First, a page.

Their data revealed that the budgerigars were more than twice as likely to express cooling behaviors such as yawning as the ambient temperature rose. Yawning behavior peaked at 30 degrees Celsius, then decreased, to be supplanted by gular fluttering (figure 1). Apparently, yawning is the initial thermal regulatory response but as the ambient temperature further increases and heat dissipation becomes more difficult, gular flutterring is triggered.


Figure 1. Frequency and distribution of (a) stretching and (b) yawning in budgerigars in response to ambient temperature. o: observed; _: linear regression; ._.: quadratic regression.

DOI: 10.1016/j.anbehav.2008.09.014.

These data indicate that yawning is, indeed, a biological thermoregulatory behavior, triggered by increased ambient temperatures.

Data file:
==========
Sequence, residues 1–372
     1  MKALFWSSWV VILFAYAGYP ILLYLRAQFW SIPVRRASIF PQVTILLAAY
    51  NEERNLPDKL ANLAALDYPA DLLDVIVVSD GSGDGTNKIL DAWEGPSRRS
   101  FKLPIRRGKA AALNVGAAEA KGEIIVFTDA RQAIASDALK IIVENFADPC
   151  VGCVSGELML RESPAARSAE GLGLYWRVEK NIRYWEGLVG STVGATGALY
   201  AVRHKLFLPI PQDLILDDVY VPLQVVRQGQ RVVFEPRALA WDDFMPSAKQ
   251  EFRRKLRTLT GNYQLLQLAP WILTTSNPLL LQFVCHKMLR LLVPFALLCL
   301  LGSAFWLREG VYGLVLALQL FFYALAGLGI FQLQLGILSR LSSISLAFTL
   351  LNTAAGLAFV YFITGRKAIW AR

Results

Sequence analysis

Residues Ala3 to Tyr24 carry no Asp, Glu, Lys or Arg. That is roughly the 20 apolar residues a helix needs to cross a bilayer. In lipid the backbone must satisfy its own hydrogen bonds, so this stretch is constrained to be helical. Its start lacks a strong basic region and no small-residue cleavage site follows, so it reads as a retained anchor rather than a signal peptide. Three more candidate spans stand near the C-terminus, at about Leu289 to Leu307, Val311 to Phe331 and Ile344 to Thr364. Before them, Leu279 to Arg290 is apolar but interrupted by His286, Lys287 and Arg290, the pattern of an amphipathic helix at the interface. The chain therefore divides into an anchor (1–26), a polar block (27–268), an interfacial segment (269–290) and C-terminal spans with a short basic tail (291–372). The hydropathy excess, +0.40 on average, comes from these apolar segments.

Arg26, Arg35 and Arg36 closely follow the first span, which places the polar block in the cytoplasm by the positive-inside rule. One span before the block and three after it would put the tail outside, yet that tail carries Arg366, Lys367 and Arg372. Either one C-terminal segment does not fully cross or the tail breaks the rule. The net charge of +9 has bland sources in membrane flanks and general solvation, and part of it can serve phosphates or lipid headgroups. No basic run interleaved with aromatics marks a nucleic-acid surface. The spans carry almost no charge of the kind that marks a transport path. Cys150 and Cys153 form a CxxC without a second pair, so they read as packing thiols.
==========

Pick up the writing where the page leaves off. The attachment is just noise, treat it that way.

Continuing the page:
But why do we care about yawning? There is a growing body of medical and physiological research that links increased ambient temperatures with the unpleasant symptoms of certain medical conditions. Further, it has also been noted that yawning often precedes an epileptic seizure or a migraine headache among those who suffer from them, and increased yawning is also associated with multiple sclerosis. Furthermore, individuals with these health problems tend yawn excessively anyway. Additionally, people who are taking paxil (paroxetine HCl) or Celexa (citalopram) often experience excessive yawning during the first three or so months of treatment. Thus, excessive yawning in humans may be indicative of health problems or can be associated with medications that should be investigated further.